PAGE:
Hot Brown Honey review at Southbank Centre, London – ‘fierce and political’
Hot Brown Honey is here to explode everything you thought you knew about cabaret. The Australian neo-burlesque collective perform a full throttle show accompanied by a pounding soundtrack spun by ‘Queen Bee’ Busty Beatz, from atop her glowing hive.
The seven performers pull out new threads from familiar cabaret acts. Stereotypes are subverted and the audience seduced. Lisa Fa’alafi’s burlesque routine is a disruption of the male and National Geographic gaze that has exoticised and other-ed indigenous people. Her Polynesian maiden transforms from shampoo-commercial fantasy to swaggering warrior woman. It’s typical of the exuberant naughtiness that runs throughout this show. Hope Hammi culminating her beatbox seduction of one lucky, audience member with a glitter canon orgasm.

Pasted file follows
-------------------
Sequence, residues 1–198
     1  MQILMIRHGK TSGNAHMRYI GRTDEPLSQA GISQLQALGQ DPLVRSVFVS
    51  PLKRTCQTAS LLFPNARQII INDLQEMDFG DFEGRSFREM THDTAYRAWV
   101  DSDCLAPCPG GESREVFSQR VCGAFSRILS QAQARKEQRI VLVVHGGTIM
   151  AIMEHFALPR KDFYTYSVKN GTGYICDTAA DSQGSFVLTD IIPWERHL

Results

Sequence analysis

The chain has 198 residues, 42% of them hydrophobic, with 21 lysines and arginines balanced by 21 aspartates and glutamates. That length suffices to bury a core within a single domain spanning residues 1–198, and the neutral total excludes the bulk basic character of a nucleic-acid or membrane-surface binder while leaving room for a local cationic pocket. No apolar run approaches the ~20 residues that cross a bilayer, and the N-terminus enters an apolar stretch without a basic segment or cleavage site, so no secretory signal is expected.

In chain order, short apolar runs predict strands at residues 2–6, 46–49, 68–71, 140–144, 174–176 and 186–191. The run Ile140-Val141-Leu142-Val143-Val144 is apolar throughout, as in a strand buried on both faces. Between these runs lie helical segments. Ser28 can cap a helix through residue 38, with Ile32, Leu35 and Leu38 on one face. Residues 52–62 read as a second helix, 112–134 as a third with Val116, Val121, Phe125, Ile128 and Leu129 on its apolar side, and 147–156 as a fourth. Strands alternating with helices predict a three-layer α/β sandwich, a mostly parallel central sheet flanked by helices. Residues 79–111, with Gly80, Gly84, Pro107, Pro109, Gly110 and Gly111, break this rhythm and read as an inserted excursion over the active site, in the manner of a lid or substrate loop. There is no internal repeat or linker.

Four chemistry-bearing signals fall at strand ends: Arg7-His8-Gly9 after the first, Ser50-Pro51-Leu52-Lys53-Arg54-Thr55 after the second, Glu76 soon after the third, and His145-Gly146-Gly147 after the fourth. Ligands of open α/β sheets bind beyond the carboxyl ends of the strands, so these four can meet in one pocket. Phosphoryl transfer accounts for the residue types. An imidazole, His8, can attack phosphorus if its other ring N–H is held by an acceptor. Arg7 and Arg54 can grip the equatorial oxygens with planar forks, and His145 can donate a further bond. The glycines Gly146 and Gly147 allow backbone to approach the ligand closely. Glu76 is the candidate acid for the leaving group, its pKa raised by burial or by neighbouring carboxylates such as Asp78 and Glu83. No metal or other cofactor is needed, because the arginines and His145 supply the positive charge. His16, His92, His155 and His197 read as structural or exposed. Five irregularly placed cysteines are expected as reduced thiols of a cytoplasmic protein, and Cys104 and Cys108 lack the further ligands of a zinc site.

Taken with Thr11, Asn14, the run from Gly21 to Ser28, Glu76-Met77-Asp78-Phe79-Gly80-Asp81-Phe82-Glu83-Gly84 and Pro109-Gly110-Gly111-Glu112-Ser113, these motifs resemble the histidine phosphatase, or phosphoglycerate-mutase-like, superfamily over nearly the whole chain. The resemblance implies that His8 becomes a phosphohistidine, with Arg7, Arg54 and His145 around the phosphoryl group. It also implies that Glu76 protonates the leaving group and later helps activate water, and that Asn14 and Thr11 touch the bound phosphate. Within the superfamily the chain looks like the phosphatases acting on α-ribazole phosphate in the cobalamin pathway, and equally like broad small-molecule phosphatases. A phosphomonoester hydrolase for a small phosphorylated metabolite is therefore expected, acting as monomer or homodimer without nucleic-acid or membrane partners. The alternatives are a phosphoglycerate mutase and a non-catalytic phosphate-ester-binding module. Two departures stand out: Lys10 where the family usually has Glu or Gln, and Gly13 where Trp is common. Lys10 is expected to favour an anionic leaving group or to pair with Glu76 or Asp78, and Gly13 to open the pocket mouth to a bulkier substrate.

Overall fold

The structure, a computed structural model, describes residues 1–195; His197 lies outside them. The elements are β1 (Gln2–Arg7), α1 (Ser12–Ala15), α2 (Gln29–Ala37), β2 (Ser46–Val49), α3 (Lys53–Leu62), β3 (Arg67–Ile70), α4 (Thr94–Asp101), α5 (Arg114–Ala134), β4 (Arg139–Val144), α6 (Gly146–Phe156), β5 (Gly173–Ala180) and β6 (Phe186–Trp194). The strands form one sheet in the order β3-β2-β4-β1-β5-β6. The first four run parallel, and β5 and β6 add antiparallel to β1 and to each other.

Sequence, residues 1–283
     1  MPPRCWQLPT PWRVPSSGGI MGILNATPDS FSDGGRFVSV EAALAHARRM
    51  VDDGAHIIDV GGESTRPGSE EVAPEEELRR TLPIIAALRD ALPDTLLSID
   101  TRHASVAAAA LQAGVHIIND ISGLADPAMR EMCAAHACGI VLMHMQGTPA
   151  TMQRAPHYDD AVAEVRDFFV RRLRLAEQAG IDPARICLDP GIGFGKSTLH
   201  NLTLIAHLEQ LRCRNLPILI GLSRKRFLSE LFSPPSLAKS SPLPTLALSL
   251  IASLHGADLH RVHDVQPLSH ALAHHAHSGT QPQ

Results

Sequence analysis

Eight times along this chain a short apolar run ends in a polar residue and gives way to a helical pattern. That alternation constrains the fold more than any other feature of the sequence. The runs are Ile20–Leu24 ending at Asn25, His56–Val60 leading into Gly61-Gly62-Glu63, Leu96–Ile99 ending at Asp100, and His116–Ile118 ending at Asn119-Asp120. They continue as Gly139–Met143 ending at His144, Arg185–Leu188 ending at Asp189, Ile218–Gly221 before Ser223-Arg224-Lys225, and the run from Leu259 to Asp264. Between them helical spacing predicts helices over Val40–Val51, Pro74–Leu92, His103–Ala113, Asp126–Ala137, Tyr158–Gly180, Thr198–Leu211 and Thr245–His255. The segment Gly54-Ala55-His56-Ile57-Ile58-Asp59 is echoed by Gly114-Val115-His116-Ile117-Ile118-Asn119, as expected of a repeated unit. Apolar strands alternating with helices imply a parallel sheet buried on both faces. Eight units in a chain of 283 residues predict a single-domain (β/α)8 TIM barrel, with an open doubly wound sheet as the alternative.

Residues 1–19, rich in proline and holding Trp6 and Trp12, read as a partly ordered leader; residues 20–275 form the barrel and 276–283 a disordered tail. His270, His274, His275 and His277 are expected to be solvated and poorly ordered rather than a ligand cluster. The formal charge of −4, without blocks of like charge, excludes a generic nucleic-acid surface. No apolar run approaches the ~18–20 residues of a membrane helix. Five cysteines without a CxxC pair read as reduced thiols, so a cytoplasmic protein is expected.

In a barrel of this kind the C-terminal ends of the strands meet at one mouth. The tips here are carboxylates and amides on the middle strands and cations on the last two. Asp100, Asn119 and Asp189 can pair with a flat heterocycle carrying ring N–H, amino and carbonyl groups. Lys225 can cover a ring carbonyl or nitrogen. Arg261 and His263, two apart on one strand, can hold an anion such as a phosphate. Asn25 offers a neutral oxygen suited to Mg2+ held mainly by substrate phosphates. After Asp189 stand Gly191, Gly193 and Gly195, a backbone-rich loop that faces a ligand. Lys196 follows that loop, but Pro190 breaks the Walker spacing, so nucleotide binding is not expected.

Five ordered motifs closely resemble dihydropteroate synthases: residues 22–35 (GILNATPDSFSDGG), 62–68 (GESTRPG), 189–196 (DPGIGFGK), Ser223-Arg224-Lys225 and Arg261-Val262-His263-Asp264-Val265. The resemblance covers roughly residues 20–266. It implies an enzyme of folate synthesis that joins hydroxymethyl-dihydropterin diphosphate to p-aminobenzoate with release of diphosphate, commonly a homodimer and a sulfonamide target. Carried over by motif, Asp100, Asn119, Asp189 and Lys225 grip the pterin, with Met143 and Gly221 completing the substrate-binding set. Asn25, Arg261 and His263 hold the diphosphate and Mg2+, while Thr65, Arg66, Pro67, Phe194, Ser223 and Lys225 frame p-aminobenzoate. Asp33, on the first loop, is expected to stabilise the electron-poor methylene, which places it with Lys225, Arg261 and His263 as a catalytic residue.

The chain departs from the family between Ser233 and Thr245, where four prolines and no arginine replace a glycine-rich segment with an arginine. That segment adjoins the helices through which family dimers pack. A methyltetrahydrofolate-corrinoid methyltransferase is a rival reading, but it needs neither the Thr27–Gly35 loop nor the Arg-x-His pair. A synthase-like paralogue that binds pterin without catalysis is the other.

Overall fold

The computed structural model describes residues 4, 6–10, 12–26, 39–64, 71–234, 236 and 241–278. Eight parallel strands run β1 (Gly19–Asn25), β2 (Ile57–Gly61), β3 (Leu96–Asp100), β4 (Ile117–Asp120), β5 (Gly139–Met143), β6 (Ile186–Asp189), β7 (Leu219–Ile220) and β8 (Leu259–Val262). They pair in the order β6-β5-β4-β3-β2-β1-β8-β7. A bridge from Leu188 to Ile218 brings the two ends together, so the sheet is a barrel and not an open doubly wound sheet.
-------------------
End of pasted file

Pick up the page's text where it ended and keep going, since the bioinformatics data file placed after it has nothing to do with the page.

Crystal Stacey’s hula-hooping is mesmeric and satirical but it’s her final aerial piece, a moment of deep, genuine emotion, that’s seemingly incongruous in such a fast-paced performance, that has the audience on their feet even before the final dance-off curtain call.
This is cabaret with a passionate message that makes no concessions. There is no hiding from the Honeys’ politics, it’s in your face in Ofa Fotu belting out This is a Man’s World while dressed as a Golliwog, the racist child’s toy that apparently 63% of Brits don’t consider offensive. It’s there in ‘The Privilege Test’ in which the women, lit brightly, slowly raise their hands as if in the glare of a police car’s headlights. It all contributes to the power of this knock-out show.